Harry Evans, Former Clerk And Champion Of The Senate, Dies, 68

Harry Evans, the former Clerk of the Senate and one of that chamber’s most ardent proponents and defenders, has died. He was 68.

EvansEvans began his career in the Parliamentary Library. He became Usher of the Black Rod and then Assistant Clerk and Deputy Clerk.

He served as Clerk from February 17, 1988 until his retirement on December 4, 2009, a record 21 years. Clerks are now restricted to 10-year terms.

Evans established the Procedure Office to handle advice to minor parties and independents in the Senate. He was a fierce advocate for the rights and independence of the Senate, and a proponent of greater accountability of the executive government.

Statement by Senator Eric Abetz, Leader of the Government in the Senate.

Harry Evans 1946-2014

I was very sad to hear the news of the death of Harry Evans, who was Clerk of the Senate from February 1988 to December 2009, a record 21 years. [Read more…]


Harry Evans: Time For Reformation Of The Australian Parliament

Reformation, not reform, of the Australian Parliament is needed, according to the Clerk of the Senate, Harry Evans.

Harry EvansAddressing the National Press Club in Canberra, Evans called for a reformation to enable the parliament to perform its prime functions, particularly holding the government in the lower house to account.

“What is needed is not “reform” of parliament but reformation. The latter term connotes a reform which is designed to return an institution to its original purpose, from which it has fallen away. We do not have parliaments so that they can be rubber stamps. We have parliaments to represent the voters properly, so equipped that the holders of the executive power cannot legislate by decree like absolute monarchs and can be made to account for their actions between elections. Any changes to the institution of parliament should be designed to assist those ends.”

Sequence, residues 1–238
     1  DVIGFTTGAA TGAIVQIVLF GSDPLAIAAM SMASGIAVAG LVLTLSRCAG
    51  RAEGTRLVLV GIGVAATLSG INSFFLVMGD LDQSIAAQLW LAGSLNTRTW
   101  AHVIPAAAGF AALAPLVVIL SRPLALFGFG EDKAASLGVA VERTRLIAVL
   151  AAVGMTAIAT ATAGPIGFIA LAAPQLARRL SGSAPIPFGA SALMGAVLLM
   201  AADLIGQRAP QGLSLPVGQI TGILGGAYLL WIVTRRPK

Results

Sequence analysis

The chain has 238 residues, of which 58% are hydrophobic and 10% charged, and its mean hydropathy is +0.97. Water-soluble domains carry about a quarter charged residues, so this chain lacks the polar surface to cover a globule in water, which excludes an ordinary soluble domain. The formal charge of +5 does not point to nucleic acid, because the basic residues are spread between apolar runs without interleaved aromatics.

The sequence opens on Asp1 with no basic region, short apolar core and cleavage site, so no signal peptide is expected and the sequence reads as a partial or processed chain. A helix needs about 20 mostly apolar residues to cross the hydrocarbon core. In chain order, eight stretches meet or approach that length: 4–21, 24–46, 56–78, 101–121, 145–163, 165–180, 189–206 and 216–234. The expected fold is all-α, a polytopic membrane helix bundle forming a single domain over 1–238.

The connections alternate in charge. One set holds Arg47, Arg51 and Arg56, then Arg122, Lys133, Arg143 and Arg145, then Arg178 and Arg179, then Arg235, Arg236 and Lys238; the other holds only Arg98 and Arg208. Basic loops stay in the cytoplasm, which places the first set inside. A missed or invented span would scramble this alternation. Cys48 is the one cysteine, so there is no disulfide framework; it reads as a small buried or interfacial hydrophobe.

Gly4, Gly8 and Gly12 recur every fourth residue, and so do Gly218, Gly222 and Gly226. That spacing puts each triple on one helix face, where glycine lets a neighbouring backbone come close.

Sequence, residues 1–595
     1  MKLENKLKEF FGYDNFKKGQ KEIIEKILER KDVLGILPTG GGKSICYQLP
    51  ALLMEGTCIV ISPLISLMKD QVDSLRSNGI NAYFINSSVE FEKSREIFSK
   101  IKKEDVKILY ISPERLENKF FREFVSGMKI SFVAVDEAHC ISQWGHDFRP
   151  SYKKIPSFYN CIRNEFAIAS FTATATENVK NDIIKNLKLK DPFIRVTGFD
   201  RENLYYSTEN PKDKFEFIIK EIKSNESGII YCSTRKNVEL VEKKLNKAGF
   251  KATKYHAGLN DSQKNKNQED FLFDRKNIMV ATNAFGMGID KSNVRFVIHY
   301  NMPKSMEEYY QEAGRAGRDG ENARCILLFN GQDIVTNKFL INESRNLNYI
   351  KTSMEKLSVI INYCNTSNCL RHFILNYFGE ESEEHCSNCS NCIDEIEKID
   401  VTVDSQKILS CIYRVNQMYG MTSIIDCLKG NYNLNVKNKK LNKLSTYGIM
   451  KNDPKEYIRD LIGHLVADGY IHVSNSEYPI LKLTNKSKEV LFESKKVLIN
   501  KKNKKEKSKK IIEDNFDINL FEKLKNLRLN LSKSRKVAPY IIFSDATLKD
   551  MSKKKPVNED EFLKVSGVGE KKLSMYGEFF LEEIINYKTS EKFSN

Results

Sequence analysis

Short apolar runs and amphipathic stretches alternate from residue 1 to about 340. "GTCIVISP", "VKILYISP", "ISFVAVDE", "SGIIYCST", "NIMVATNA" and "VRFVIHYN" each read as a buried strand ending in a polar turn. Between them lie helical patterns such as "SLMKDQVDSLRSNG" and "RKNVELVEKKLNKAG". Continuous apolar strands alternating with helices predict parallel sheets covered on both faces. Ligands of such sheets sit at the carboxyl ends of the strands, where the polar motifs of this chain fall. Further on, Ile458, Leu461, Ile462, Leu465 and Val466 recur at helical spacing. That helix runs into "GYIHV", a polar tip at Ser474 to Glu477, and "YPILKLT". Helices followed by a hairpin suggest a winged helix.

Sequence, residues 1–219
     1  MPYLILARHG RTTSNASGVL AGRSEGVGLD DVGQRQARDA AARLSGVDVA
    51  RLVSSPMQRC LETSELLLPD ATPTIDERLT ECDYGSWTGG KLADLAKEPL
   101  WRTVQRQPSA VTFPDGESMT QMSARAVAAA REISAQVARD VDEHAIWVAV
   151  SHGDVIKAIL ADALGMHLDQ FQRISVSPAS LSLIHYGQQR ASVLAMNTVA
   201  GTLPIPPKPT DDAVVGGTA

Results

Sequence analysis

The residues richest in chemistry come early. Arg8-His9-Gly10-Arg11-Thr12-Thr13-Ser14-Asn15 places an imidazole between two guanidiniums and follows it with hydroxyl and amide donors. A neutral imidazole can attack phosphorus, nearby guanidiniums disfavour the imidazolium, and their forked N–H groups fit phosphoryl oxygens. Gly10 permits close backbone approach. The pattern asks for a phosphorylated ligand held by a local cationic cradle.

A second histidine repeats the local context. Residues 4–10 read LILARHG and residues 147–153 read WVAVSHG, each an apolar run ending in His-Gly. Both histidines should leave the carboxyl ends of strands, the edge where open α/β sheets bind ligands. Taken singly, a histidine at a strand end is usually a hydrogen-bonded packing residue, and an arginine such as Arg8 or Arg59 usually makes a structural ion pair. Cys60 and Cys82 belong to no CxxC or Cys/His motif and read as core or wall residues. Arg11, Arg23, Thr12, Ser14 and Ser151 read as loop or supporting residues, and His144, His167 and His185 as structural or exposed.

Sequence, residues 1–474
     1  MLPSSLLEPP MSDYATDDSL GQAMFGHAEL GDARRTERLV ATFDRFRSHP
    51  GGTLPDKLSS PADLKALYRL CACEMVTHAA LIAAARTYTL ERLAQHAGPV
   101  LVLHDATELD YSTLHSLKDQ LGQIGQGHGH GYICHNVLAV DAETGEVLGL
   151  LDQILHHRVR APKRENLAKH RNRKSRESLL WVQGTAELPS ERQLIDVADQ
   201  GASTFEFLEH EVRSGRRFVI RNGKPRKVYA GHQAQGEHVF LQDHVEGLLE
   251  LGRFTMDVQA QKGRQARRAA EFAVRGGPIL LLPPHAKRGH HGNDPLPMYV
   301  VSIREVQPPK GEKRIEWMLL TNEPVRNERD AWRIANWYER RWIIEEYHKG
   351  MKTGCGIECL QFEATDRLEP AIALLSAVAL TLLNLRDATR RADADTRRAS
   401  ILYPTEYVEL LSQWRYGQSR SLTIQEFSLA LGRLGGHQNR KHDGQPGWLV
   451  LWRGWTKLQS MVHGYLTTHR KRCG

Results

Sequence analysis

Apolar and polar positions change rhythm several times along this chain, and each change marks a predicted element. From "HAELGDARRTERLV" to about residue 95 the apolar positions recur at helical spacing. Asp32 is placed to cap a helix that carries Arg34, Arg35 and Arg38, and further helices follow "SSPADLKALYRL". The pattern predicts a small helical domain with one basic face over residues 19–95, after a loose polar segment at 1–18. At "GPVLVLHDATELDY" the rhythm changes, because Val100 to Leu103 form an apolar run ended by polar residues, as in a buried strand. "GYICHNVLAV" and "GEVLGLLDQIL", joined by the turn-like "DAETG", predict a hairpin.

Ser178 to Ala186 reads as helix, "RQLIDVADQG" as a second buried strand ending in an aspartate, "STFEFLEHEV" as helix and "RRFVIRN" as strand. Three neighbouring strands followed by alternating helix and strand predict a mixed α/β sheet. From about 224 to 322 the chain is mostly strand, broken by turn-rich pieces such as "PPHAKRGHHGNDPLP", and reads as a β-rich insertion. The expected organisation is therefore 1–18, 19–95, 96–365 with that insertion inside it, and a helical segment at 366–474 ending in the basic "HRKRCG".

Evans advocated fixed parliamentary terms as a “genuine reform”.

Text of speech by the Clerk of the Senate, Mr. Harry Evans, to the National Press Club.

The Australian Parliament: Time For Reformation

The Australian Parliament, it appears, is perennially seen as an institution in need of reform.

Reform proposals are again being proclaimed. A reform is a change for the better. Are the changes usually proposed really reforms?

Before a major institution can be reformed, as distinct from simply changed, the following questions must be answered: What is the institution for, what functions is it meant to perform? Is it performing those functions well, and, if not, why not? Are there any changes which could make it perform its functions better? [Read more…]